Do Bad Banks Offer Defective Toasters?


Here's a bank that won't be too big to fail: the Public-Private Investment Program (PPIP), which is expected to be unveiled Wednesday. The PPIP, once dubbed the "bad bank" (on the principle that it would buy up so-called toxic assets from large financial institutions that were receiving Troubled Asset Relief Plan funding), has lost limbs and pined with scurvy during its long passage. If it arrives tomorrow, PPIP will be a much smaller vessel, displacing a mere $50 billion rather than the $1 trillion originally foreseen.

Charlie Gasparino reports that nine firms will participate in the program, including one run by vulture investor Wilbur Ross and a joint venture between GE Capital (which may want to sell off a few toxic assets of its own and then buy them back) and private investor Angelo, Gordon & Co.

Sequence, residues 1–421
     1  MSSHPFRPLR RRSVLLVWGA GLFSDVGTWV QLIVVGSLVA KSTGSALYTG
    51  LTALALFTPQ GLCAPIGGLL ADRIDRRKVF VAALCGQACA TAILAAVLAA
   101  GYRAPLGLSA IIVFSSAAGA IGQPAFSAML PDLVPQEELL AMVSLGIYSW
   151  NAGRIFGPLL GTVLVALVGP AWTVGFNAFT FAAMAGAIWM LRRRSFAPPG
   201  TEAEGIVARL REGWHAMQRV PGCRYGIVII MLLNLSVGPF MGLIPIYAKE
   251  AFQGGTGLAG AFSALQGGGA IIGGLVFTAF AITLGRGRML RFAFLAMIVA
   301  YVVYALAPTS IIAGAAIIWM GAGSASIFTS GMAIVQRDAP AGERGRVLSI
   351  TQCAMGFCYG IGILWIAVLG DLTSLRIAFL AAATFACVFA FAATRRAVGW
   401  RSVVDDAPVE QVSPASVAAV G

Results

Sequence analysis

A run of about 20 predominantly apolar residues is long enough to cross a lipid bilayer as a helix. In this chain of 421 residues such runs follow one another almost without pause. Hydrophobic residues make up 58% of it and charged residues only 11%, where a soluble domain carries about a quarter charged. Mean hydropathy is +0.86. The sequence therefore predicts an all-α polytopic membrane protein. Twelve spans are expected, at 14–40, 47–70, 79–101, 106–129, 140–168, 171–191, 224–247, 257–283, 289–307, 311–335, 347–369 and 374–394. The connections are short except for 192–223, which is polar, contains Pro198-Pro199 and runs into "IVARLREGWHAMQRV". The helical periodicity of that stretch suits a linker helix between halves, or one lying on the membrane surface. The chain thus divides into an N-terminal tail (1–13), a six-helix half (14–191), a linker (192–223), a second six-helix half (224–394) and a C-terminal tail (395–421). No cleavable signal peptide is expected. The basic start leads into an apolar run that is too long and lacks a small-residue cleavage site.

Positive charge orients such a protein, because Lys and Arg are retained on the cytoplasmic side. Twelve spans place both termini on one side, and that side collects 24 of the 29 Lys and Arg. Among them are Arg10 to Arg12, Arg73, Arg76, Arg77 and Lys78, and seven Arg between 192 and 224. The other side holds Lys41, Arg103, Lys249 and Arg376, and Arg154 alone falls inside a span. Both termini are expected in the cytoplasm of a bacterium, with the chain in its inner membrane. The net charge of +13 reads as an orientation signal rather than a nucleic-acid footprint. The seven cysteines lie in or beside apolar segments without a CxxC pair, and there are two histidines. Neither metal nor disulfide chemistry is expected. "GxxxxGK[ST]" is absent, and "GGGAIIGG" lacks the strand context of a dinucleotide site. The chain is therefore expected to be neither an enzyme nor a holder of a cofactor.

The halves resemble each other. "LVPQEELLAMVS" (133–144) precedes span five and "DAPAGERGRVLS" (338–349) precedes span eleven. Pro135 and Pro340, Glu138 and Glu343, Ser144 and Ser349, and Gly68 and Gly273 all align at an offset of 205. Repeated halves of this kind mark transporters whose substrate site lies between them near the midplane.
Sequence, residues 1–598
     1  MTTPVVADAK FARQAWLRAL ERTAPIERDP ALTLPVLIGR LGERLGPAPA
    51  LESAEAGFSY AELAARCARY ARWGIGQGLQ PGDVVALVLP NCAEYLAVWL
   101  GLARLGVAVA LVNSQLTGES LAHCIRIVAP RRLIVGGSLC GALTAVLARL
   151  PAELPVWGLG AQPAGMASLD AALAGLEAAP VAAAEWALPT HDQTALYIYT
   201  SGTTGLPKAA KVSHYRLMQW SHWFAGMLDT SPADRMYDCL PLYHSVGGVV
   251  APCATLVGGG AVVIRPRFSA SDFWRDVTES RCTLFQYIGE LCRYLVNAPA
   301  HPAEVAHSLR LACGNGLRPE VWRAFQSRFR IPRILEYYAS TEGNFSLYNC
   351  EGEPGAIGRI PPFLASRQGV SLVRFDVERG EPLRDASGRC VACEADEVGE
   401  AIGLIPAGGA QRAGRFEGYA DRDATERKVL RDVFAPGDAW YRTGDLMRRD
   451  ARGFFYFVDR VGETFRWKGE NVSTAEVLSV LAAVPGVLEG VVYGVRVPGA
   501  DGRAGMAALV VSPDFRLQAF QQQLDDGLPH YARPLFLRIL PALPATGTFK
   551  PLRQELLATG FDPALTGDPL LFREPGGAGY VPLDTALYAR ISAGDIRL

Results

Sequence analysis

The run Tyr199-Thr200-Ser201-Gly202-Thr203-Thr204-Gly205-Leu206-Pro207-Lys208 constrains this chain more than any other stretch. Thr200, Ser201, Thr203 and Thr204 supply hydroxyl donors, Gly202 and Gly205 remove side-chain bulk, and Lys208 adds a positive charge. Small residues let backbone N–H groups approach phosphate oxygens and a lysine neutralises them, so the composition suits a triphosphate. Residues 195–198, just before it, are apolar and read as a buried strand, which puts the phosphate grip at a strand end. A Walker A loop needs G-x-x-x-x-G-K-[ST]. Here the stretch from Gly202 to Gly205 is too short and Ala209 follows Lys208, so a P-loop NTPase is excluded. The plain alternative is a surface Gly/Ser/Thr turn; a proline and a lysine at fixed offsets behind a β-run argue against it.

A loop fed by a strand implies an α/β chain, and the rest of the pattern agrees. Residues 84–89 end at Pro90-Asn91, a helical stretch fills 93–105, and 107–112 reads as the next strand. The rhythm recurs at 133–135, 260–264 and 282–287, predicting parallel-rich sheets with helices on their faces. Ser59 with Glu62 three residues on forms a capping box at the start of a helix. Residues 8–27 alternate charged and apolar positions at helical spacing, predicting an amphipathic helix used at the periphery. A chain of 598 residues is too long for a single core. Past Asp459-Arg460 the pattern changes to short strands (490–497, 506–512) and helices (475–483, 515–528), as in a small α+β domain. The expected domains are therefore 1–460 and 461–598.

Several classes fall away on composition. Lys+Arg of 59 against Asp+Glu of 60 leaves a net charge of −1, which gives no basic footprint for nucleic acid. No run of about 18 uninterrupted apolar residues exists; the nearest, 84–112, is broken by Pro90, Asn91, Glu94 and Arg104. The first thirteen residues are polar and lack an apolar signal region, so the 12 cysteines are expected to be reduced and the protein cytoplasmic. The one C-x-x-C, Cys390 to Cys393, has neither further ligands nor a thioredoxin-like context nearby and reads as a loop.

New "King" of Wall Street Larry Fink, the lightning rod supergenius* who did so much to make this golden age of mortgage-backed-securities possible, may also participate through his BlackRock investment management firm.

Will there be any good buys out there? As long as some critical mass of borrowers continue to service their debt (and even in this degenerate land that's still true of the majority of borrowers), the same mix of assets that would sink, say Mirae Bank, could theoretically pay off for experienced buyers of troubled assets. With a $50 billion public backstop on losses, this seems to fit the "heads I win tails I break even" setup favored by Rep. Barney Frank (D-Mass.).

Caveat: It's not really clear whether the PPIP will be buying debt instruments.

Even at these prices, PPIP does not seem to have tempted weather-controlling madman George Soros into participating. Seeking Alpha's Tom Lindmark says the small-enough-to-fail banks will continue to bleed until they die, so the whole program should scrapped, scuttled and scuppered.

* I'd like to take only a half-sarcasm point here, since I do think mortgage-backed securities were an impressive financial invention that will, in time, return to viability (if they haven't already in some markets).